“Get started by mapping your depressive symptoms using a holistic approach.”
Today’s CHANGES Deep Dive
In a previous article reviewing 25 tips for improving depression, we provided a brief overview of our go-to holistic approach to care using the CHANGES model. We heard from many of our readers wanting a drill-down into the specifics nuances – We chose to put our response into the format of a podcast episode!
Engage with us as we discuss the first in a two part series on the CHANGES model. While using the complex symptoms associated with clinical depression as an example, we walk through the CHANGES model elements, in this first step designed to help you map your personal experience of dysphoric mood.
The model is straight forward, but does require some explanation. We strongly suggest that you write down each of the seven interdependent parts in an effort to gain insight into using this biopsychosocial approach for improving symptoms. If you are into journaling, then you are on the right track!
The CHANGES Model – Applied Positive Psychology
Applied Positive Psychology methods, such as the CHANGES Model, offers a proactive holistic approach for personal transformation. The theory provides a broad set of considerations for understanding both the current state and future direction for lifestyle change:
- C – Cognition: Well established patterns of thoughts lead to emotional states. What we think, we become.
- H – Health: There are physiological reactions to the patterns we participate in, whether from thoughts, behaviours, or the people we spend time with. Poor health outcomes are a particularly clear form of feedback that something is not going well.
- A – Actions: We participate in a range of behaviours that either support or work against the challenges we face in life. The maladaptive behavioural choices we make are often indicative of underlying problems.
- N – eNvironment: Our physical surroundings have an impact on our state of being. Understanding this relationship is important in mapping future direction.
- G – Goals: It is important to consider both long-term and short-term goals when mapping change. We often make the mistake of only focusing on the broader outcomes.
- E – Emotions: Consider emotions your primary source of feedback about how well, or not, things are going. While the other elements can be adjusted as part of a future focused plan, emotions are typically the result of interacting dynamics between other parts of the CHANGES model.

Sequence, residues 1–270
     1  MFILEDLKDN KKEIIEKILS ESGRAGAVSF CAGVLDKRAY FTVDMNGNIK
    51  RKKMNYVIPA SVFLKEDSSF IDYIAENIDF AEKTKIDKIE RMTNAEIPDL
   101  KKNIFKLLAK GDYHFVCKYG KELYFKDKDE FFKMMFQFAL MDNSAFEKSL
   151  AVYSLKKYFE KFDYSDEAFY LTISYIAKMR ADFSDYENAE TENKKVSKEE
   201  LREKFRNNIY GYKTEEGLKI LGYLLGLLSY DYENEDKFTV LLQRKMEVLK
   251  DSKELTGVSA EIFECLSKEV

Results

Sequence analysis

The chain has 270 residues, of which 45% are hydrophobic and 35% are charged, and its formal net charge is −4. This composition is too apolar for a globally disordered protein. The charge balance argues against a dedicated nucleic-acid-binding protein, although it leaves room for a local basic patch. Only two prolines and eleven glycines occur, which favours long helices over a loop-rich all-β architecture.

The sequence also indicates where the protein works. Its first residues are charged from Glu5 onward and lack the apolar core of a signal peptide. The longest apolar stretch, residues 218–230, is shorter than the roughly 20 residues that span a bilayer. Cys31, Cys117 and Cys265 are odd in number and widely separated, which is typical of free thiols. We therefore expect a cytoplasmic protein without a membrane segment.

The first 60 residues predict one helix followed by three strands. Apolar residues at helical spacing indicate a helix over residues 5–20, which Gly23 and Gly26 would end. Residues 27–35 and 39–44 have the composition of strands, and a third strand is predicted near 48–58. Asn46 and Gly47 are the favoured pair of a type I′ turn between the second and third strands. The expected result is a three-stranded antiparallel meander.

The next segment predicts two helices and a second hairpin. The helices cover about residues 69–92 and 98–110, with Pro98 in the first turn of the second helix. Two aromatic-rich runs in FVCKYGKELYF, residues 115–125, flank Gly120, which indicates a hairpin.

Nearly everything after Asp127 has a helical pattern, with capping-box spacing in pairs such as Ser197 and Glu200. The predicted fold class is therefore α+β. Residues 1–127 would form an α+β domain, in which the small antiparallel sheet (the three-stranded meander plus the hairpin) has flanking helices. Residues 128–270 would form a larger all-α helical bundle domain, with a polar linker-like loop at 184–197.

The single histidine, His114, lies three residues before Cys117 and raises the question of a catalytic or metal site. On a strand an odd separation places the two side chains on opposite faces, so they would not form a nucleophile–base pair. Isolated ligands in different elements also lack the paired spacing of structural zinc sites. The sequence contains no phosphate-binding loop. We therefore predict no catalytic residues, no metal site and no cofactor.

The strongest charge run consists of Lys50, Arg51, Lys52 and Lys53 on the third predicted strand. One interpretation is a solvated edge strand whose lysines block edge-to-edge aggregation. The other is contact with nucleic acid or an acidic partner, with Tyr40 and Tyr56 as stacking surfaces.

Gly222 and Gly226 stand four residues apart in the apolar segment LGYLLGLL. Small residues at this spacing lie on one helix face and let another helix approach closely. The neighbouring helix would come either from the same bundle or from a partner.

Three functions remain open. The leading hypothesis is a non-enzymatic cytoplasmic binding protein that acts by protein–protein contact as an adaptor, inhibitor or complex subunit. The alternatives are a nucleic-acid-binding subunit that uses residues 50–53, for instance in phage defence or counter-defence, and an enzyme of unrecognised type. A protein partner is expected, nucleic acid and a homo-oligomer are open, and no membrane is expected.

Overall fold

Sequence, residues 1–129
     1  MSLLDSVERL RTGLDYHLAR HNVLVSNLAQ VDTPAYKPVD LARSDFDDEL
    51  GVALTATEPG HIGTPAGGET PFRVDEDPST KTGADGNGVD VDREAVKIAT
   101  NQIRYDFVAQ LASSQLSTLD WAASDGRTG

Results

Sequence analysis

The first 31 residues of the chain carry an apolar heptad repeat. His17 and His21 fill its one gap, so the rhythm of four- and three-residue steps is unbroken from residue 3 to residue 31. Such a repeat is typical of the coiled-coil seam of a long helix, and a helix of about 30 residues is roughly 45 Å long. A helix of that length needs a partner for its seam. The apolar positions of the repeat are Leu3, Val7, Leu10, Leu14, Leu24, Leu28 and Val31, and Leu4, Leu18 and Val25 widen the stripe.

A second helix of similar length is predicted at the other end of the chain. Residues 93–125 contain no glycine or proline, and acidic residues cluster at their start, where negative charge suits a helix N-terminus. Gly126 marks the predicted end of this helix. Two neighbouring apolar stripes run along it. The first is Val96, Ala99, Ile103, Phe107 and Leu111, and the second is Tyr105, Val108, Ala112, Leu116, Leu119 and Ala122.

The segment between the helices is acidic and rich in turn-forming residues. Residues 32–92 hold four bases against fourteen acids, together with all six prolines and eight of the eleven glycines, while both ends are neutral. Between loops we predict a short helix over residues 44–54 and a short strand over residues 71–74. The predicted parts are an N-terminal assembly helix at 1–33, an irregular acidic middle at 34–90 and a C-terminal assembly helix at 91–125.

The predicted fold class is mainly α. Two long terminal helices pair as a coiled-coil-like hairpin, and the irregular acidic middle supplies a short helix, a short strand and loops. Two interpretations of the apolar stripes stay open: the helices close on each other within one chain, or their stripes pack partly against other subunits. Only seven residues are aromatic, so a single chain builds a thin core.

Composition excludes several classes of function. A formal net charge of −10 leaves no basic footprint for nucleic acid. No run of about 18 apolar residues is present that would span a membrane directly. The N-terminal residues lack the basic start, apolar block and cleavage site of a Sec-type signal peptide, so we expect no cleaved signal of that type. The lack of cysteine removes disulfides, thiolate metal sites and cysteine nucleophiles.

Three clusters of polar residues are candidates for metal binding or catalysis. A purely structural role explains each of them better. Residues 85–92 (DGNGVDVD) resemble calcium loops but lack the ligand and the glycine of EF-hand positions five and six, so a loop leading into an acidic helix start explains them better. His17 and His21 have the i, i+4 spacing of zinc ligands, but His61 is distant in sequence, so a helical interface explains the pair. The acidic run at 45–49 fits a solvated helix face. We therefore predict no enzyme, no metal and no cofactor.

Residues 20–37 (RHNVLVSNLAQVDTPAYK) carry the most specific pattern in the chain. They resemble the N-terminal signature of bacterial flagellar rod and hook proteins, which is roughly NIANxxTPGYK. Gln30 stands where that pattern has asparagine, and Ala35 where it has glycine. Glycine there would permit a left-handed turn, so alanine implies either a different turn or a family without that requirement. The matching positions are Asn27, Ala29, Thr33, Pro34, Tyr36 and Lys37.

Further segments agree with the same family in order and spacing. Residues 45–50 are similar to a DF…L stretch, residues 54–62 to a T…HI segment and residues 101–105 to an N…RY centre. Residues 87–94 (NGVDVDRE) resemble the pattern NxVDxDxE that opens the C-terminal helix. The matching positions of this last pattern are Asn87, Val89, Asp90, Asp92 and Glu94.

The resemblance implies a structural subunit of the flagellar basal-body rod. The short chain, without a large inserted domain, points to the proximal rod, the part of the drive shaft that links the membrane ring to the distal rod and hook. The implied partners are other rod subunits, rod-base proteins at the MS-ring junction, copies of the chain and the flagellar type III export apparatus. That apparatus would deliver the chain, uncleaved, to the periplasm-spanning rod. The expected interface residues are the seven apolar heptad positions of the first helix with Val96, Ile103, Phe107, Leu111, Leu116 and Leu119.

- S – Social Environment: The people in our life matter. They often respond to the challenges we face by providing support, or encouraging ongoing decline.
Change One, Change Them All
Every change we make has massive impact. Once formally mapped, changing one element impacts the others. Think of it like a network of string interlaced together. As one element improves (or declines), the others quickly follow. As you refocus your goals on other elements, the synergistic effect causes momentum towards meeting your overarching goal.
Map Your Symptoms (Clinical Depression)
In today’s episode, after reviewing the specifics of the model, we use the symptoms associated with Clinical Depression as an example for mapping your current state. Every idiopathic presentation of dysphoria can quickly be mapped by cognitive pattern, behaviour, physiological outcomes, etc. If you are listening to this episode and live with depression, it is helpful to following along by writing down your own personal experience.
In closing, it is important to note that the CHANGES model has multiple applications. It can be used for making significant changes in mental health. It can also be used for identifying personal road blocks and creating a path to meet the goals you desire. For instance, if you want to break into an exercise routine, the model can help you identify potential areas of challenge and conflict, as you develop your personal map.
Looking for a deeper drill down? Head on over to, “FMP 010 • Vegan Love and Conquering Depression Using the CHANGES Model (Part Two)”.